Three times a week of high-intensity exercise is safe for those with early-stage Parkinson’s disease, and can help slow the worsening of symptoms, according to a study published recently in JAMA Neurology.
The randomized clinical trial—called the Study in Parkinson Disease of Exercise (SPARX)—included 128 participants, ages 40 to 80 years old, all of whom were at an early stage of the disease and were not taking Parkinson’s disease medication.
It was conducted at Rush University Medical Center, Northwestern University, the University of Colorado, and the University of Pittsburgh.
In the study, explains a media release from Rush University Medical Center, the researchers examined the safety and effects of exercise three times weekly for six months at high intensity (80% to 85% of maximum heart rate) and moderate intensity (60% to 65% of maximum heart rate). They compared the results to a control group who did not exercise.
“The study results suggest that people who exercised at high intensity delayed the progression of Parkinson’s symptoms, while moderate intensity workouts had no effect,” says Dr Deborah Hall, associate professor in the Rush Department of Neurology and a co-lead author of the study results, in the release.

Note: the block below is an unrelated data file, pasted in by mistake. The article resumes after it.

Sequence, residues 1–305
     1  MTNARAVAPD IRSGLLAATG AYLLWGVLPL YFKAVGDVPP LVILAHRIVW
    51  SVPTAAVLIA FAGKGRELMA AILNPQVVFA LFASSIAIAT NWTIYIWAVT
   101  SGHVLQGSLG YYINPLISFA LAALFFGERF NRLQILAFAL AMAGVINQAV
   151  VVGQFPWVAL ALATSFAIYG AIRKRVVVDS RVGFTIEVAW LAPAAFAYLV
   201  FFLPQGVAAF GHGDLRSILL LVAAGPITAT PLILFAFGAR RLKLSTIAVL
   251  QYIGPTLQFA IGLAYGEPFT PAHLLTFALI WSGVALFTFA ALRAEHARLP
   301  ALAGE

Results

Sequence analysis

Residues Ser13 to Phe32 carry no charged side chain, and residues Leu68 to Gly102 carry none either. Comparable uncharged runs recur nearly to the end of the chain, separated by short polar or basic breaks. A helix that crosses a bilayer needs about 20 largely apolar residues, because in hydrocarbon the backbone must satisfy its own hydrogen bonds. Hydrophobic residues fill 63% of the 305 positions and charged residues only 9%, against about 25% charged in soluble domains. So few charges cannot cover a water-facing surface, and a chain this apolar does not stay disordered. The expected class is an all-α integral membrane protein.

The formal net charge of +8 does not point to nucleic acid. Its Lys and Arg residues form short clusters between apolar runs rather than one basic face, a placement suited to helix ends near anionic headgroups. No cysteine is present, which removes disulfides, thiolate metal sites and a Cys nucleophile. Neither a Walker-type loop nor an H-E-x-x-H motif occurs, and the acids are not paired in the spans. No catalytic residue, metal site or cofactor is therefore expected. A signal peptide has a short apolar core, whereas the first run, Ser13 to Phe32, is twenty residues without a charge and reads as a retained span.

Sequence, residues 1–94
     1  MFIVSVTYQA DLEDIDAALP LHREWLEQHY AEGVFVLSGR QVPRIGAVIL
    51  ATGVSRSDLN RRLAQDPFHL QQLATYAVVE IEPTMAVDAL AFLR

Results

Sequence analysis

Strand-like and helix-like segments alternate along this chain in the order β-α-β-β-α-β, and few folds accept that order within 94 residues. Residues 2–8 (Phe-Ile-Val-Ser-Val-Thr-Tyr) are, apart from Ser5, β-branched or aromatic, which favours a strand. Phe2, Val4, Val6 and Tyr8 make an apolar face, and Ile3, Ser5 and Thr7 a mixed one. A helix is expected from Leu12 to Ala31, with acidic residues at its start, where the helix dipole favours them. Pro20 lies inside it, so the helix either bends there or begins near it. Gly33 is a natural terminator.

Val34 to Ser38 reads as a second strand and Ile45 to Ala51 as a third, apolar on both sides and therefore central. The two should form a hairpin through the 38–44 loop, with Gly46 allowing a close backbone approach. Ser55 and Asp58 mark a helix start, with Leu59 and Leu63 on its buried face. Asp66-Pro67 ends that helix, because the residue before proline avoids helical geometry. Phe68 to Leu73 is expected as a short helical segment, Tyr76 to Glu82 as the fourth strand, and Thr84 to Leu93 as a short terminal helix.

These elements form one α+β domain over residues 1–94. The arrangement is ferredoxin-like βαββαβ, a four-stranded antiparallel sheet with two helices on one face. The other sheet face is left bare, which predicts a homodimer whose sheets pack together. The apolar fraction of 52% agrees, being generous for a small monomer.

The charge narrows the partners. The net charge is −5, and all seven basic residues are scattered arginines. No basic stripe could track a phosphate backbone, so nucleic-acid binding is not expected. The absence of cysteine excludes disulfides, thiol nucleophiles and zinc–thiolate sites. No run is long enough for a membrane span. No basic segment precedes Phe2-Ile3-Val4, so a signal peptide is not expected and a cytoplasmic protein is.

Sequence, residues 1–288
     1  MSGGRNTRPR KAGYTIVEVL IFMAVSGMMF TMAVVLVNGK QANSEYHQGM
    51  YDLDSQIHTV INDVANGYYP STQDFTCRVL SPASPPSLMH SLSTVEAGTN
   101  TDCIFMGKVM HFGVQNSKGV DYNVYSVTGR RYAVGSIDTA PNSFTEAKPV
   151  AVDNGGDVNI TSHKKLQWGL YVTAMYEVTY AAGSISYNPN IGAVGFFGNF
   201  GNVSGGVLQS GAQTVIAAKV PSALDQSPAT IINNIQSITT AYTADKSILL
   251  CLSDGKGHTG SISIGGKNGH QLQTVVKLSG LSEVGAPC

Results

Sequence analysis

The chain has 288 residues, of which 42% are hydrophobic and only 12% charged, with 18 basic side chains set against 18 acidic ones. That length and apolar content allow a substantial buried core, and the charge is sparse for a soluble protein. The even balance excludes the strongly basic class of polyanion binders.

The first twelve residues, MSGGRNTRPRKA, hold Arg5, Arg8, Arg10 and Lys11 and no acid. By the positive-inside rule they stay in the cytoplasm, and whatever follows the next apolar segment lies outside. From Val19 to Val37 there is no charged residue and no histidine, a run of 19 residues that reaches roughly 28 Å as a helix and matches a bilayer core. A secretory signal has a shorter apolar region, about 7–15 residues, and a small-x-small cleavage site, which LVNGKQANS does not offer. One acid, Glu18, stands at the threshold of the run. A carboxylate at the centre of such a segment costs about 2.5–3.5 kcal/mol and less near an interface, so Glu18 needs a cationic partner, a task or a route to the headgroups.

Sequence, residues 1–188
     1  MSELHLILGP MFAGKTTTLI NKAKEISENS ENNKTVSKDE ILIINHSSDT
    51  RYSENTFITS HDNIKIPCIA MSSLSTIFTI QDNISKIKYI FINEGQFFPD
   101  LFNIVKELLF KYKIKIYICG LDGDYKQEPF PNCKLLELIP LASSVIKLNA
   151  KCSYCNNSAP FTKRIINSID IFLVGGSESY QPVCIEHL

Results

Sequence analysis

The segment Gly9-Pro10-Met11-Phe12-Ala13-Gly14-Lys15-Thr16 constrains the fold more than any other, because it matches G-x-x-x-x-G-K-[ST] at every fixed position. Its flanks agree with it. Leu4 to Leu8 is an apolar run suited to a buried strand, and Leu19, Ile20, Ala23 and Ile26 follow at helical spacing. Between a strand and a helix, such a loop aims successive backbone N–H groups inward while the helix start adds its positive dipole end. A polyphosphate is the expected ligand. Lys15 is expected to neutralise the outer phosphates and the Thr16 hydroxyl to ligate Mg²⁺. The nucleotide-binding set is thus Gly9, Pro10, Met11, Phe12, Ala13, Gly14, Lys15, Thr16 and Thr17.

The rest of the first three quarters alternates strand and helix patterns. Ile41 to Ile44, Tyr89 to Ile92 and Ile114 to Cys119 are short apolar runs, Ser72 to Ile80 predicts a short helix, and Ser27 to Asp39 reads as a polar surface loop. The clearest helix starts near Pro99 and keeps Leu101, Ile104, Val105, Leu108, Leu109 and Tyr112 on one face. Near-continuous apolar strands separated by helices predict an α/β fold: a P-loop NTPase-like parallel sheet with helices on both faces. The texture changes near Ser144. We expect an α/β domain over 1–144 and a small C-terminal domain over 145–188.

The results warrant further exploration of the optimal exercise regimes for Parkinson‘s disease and to evaluate whether exercise could slow progression of the disease itself, according to the researchers.
“The earlier in the disease you intervene, the more likely it is you can prevent the progression of the disease,” said co-lead author Daniel Corcos, PhD, professor of physical therapy and human movement sciences at Northwestern University Feinberg School of Medicine, in the release. “We delayed worsening of symptoms for six months. Whether we can prevent progression any longer than six months will require further study.”
[Source(s): Rush University Medical Center, Newswise]